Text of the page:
Regardless, Obama's victory wasn't just politically or intellectually satisfying. I felt elated, and the feeling of it seemed to permeate our country afterwards. People were happy. Political commentators were smiling when they talked about it. Even people who voted for John McCain seemed to feel hopefully and magnanimous.

As uplifting as it was, though, for me it was bittersweet. I feel sure that my brother would have loved Barack Obama. Not only would he have voted for him, I think he would have been one of the many volunteers spending all their free time working for the campaign. He would have thought Prop 8 was stupid, and would have fought against it. He might have even joined the protests that erupted around the state. I thought about that as I sat in traffic, trying to get home in the days after the election, with the protests closing streets and taking over parts of L.A. (that I happen to live near). I thought about how this should have been his time, his place, his world. He should be here. I started having dreams where he was talking to me, and then I would realize it was a dream and wake up sweating, and sometimes crying. I miss him terribly.

The fires came back to Southern California, I scored 5 goals, I made it through Thanksgiving and I'm gearing up for Christmas and New Years Eve (my brother's birthday). I've been sick a lot, and I'm struggling to write. It's hard to talk about how I feel right now. Depression doesn't make a lot of sense sometimes. A lot of the feelings I had but couldn't deal with after Jeff's death are coming up, especially anger at the lack of support I had and how people didn’t seem to want to talk to me about it. This has a lot to do with the reaction to my co-worker’s suicide. It brought up a lot of the frustration I felt with other people’s reaction to my brother’s suicide, and peoples’ discomfort with suicide. When the most catastrophic thing that could possibly happen to you happens, and your whole reality is tore down and destroyed, and you feel like the people around you want to pretend like it didn’t happen because it makes them feel weird, it can make you feel pretty resentful. Grief causes intense pain, both emotional and physical, and when you’re going through it and you have no choice but to feel it, and other people are doing everything they can to avoid a little discomfort that doesn’t even compare to what you are going through, it can make you feel intensely alone and abandoned.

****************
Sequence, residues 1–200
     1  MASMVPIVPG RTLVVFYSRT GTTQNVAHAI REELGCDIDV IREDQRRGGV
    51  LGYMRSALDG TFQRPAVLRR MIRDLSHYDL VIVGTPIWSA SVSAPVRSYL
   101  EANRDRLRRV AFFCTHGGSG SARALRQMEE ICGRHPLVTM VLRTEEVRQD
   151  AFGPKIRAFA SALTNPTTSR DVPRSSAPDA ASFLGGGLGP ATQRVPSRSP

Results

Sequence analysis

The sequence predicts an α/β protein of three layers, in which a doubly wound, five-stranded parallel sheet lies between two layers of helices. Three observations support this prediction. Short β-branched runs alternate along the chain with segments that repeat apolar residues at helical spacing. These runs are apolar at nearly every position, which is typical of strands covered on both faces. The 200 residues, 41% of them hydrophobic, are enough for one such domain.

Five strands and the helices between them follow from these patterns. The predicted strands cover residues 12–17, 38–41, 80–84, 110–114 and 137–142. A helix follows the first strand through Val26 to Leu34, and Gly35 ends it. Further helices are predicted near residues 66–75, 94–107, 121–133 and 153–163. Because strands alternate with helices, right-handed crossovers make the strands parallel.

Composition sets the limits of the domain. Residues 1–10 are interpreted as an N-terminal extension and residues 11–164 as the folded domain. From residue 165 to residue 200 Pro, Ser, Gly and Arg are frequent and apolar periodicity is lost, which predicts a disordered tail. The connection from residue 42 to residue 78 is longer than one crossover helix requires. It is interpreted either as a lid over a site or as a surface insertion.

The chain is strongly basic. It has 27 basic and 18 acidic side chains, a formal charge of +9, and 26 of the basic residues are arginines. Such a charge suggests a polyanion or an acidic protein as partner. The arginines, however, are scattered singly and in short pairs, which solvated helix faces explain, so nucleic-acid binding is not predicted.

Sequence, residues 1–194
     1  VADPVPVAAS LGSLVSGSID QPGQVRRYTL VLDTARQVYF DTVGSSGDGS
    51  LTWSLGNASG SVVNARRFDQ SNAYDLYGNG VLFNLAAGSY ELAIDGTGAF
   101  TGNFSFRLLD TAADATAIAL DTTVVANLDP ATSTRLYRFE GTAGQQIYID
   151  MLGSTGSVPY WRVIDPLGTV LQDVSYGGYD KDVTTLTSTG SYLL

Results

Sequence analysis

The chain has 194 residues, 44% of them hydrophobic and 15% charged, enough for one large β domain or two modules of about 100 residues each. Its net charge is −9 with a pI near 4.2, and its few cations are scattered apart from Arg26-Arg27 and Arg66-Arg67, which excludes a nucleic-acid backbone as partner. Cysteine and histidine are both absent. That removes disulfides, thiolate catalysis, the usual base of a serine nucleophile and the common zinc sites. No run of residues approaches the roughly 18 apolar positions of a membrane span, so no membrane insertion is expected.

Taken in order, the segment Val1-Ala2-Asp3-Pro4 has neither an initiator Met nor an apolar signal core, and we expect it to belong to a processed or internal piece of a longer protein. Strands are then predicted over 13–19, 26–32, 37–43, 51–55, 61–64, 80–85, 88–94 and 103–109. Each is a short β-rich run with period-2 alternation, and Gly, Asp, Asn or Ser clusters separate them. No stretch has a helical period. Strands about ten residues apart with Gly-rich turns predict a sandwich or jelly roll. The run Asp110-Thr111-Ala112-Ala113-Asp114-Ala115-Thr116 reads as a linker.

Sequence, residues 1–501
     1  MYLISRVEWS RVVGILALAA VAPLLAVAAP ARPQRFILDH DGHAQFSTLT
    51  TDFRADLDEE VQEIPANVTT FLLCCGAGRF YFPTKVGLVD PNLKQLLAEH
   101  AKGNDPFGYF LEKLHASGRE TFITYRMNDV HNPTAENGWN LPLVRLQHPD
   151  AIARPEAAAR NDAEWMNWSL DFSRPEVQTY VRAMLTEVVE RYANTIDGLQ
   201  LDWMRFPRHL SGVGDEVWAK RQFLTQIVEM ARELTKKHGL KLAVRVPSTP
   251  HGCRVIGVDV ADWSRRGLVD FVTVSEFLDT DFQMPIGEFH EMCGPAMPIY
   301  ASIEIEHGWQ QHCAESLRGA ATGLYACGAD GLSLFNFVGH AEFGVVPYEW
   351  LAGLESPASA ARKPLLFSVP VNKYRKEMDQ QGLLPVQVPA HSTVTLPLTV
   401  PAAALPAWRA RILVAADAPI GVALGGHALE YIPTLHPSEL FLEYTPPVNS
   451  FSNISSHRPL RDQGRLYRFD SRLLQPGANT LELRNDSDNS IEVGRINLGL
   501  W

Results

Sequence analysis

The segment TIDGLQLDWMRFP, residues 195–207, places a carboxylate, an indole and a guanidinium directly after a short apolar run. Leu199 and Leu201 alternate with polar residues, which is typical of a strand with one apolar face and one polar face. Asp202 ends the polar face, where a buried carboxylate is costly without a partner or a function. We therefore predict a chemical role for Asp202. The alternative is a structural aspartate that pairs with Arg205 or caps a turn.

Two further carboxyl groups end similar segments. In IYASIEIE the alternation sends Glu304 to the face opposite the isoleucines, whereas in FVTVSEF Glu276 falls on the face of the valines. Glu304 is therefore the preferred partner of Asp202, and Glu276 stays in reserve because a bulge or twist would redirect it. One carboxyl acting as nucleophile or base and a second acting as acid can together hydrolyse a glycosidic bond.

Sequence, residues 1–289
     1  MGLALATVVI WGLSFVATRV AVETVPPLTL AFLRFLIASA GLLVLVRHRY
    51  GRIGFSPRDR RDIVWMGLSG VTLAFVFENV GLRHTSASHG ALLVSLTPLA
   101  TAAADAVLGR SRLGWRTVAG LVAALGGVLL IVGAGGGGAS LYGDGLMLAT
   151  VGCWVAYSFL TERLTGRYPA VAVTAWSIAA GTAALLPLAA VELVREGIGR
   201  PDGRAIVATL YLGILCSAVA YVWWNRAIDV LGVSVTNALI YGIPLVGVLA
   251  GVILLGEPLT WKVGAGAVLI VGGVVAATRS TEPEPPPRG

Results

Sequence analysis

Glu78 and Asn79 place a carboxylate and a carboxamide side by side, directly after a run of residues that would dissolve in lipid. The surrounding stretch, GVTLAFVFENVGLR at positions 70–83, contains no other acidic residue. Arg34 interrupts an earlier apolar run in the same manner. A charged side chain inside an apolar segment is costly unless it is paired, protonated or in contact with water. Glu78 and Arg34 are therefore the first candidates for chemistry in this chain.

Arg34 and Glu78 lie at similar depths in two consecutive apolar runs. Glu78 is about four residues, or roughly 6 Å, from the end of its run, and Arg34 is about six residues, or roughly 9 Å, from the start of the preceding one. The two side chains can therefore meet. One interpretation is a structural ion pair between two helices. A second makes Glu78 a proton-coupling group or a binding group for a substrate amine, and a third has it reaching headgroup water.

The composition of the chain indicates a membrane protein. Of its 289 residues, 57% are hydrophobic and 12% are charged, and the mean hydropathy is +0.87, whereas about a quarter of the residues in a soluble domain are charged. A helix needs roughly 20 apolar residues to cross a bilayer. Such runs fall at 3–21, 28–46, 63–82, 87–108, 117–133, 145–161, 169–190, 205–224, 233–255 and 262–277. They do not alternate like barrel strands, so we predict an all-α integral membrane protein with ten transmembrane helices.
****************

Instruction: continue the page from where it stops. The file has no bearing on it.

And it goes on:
These feelings, mostly left over from the year after Jeff’s death, have been resurfacing all year, but the year is almost over. It might get better after his birthday. My birthday is in January, and that week I will be playing in a women's hockey tournament in Las Vegas. Our team is called the Hot Flashes (a little joke about how we are getting older) and we are choosing funny names to put on our jerseys. I could be a lot of things right now- Irritable, Bloated, Crabby, Annoyed, but I went with Sweaty. I may be feeling better by then, but I will still be sweaty no matter what happens.

1 comment:

Unknown said...

The election made me think of my mother, for some similar reasons you thought of your brother. Election Day this year was actually the fifth anniversary of her death. My mom wasn't an American citizen for very long before she died, and she only voted in one election. I remember she was very excited about it, and I know she would have loved Barack Obama, too.